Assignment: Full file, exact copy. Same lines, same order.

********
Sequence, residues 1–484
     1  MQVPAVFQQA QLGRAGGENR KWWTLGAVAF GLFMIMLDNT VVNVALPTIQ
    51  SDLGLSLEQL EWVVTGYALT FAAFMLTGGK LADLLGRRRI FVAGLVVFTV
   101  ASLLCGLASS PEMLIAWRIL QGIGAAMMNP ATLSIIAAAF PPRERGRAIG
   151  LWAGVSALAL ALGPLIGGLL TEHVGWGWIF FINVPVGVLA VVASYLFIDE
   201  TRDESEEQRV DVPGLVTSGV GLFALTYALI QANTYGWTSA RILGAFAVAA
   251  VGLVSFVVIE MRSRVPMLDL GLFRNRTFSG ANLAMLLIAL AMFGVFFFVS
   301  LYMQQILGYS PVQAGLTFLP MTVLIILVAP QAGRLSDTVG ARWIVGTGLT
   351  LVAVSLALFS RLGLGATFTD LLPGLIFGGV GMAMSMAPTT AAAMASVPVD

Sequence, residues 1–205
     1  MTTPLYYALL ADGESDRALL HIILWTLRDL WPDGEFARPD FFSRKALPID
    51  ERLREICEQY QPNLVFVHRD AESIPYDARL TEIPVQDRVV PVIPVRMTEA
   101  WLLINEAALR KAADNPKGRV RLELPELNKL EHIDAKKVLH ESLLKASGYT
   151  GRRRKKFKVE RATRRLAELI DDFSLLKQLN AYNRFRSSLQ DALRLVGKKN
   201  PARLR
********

Sequence, residues 1–484
     1  MQVPAVFQQA QLGRAGGENR KWWTLGAVAF GLFMIMLDNT VVNVALPTIQ
    51  SDLGLSLEQL EWVVTGYALT FAAFMLTGGK LADLLGRRRI FVAGLVVFTV
   101  ASLLCGLASS PEMLIAWRIL QGIGAAMMNP ATLSIIAAAF PPRERGRAIG
   151  LWAGVSALAL ALGPLIGGLL TEHVGWGWIF FINVPVGVLA VVASYLFIDE
   201  TRDESEEQRV DVPGLVTSGV GLFALTYALI QANTYGWTSA RILGAFAVAA
   251  VGLVSFVVIE MRSRVPMLDL GLFRNRTFSG ANLAMLLIAL AMFGVFFFVS
   301  LYMQQILGYS PVQAGLTFLP MTVLIILVAP QAGRLSDTVG ARWIVGTGLT
   351  LVAVSLALFS RLGLGATFTD LLPGLIFGGV GMAMSMAPTT AAAMASVPVD

Sequence, residues 1–205
     1  MTTPLYYALL ADGESDRALL HIILWTLRDL WPDGEFARPD FFSRKALPID
    51  ERLREICEQY QPNLVFVHRD AESIPYDARL TEIPVQDRVV PVIPVRMTEA
   101  WLLINEAALR KAADNPKGRV RLELPELNKL EHIDAKKVLH ESLLKASGYT
   151  GRRRKKFKVE RATRRLAELI DDFSLLKQLN AYNRFRSSLQ DALRLVGKKN
   201  PARLR